Where to invest in Nigeria’s oil and gas industry – The Daily Consulting
The Daily Consulting has released an authoritative Report – Where to invest in Nigeria’s oil and gas industry – targeted at guiding investors, potential investors, financiers, consultants, contractors, advisers, policy makers and other stakeholders.
The executive director of the organisation, Mrs. Eyo Nsima, disclosed in a statement that: “Based on popular demand and increasing number of inquiries, Daily Consulting, in collaboration with other stakeholders, has emerged with this Report with the intention of guiding investors and other persons and organisations to stake their resources for maximum returns in the industry.
“The Report, which can be downloaded at: www.thedaily-ng.com is based on surveys, research, interviews and review of available relevant literature, documents vital issues, including the evolution of the nation’s oil and gas industry, current producers, era of low investment, current rig count and new projects.”
She stated that the “focuses on upstream sector, midstream and downstream, gas, petrochemicals, lubricants, specialised services, local content, project 100 and sixty firms to watch, before delving into oil and gas states such as Akwa Ibom, Abia, Anambra, Bayelsa, Cross River, Delta, Edo, Imo, Rivers, Ondo and Lagos.
“The Report also captures issues such as funding, human capital, technology, policies, legislation, democracy, problems and prospect as well as interviews, before concluding that, indeed, Nigeria is the feasible and viable investment destination to be at this time.
“We believe that this Report is the beginning of a very mutually beneficial conversation and look forward to engaging further with you. It is imperative to emphasise that the report is not a feasibility study, meaning that those intending to invest should carry out feasibility studies in their specific areas of interest.
“However, Daily Consulting and its associates in Africa and other continents have the capacity to assist in various ways, including company registration, facilitating of permits and approvals, market surveys, feasibility report, due diligence, country risk analysis, environmental impact assessment, health, safety and environment and community policies, other policies, social investments and crises management and prevention.”
In his foreword to the Report, Dr. Mayowa Afe, President, Oil & Gas Trainers’ Association of Nigeria, OGTAN, stated: “With continuous oil and gas production, the world gasps for increased investments, especially as they are depleting resources, meaning that current reserves could be depleted over time, except new finds are made to meet increasing demand now and in the future.
He quoted the Organisation of Petroleum Exporting Countries, OPEC, which has Algeria, Angola, Congo, Ecuador, Equatorial Guinea, Gabon, Islamic Republic of Iran, Iraq, Kuwait, Libya, Nigeria, Saudi Arabia, United Arab Emirate and Venezuela as stating: “Currently close to 100 million barrels of oil are produced and consumed every day, and over 60 million barrels are exported. Moreover, the importance of oil and the crucial role that it plays globally make it perhaps the most strategic growth engine of the global economy.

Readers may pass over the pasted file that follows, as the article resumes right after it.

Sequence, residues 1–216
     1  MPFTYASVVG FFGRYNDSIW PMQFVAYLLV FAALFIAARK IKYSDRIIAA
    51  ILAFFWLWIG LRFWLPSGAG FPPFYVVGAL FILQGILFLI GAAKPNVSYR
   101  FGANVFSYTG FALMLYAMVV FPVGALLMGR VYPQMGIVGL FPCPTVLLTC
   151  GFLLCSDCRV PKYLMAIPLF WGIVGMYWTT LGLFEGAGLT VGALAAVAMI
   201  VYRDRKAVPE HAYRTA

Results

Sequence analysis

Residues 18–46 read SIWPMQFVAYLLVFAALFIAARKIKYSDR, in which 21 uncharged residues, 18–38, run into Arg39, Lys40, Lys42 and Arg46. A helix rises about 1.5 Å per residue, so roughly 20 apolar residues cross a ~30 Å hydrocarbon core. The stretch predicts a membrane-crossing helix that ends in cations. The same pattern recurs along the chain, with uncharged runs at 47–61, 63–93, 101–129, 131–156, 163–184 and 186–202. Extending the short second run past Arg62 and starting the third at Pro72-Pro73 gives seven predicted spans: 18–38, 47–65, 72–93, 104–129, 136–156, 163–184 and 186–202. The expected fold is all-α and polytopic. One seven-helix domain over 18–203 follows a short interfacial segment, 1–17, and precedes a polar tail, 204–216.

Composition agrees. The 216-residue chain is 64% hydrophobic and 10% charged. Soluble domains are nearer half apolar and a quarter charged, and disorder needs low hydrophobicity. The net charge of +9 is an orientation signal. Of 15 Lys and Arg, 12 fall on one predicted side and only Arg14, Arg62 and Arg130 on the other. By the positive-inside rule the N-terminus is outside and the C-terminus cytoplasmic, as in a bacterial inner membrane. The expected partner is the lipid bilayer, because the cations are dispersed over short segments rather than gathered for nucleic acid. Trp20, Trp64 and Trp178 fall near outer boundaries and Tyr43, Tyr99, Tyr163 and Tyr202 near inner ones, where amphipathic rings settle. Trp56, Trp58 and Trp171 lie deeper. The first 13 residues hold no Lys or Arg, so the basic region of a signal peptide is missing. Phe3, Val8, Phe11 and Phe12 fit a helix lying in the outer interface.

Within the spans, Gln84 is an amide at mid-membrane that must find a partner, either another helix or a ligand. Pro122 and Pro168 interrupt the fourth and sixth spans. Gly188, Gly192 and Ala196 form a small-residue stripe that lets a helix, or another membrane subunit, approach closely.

“Thus, we need to be realistic about how future energy demand growth, which according to our latest World Oil Outlook is expected to expand by a robust 33per cent by 2040, can be achieved in a sustainable way. This needs to balance the needs of people in relation to their social welfare – with energy poverty still a blight on the lives of billions of people – the economy and the environment.
“Oil-related investments across the upstream, midstream and downstream are estimated at around $11 trillion in the period to 2040. We also need to recall that exploration and production spending fell by an enormous 27per cent in both 2015 and 2016, and only increased by 8per cent in both 2017 and 2018. This only adds to the worry that if our industry is concerned about policies that detrimentally impact oil and investments, with talk of stranded assets and declining values of oil; then we have a potentially dangerous scenario, one that could increase volatility significantly and lead to a future energy shortfall.”
The OGTAN President stated: “From all indications, meeting anticipated shortfall would call for the active involvement of many stakeholders, including operators, financiers, contractors and even nations, that need to understand as well as work with accurate reports and data.
“It is against this backdrop that this report – Where to invest in Nigeria’s oil and gas industry – focusing on areas such as evolution, oil and gas producers, era of low investment, current rig count, new projects, investment opportunities, Local content, Project 100, oil and non-oil states, policies, legislation, democracy, problems and prospect is very timely.
“Consequently, it is my pleasure to recommend the report, which also documents an interview with energy investment analyst, before providing relevant links to stakeholders, particularly investors and potential investors interested in Nigeria’s oil and gas industry, as a reliable companion.”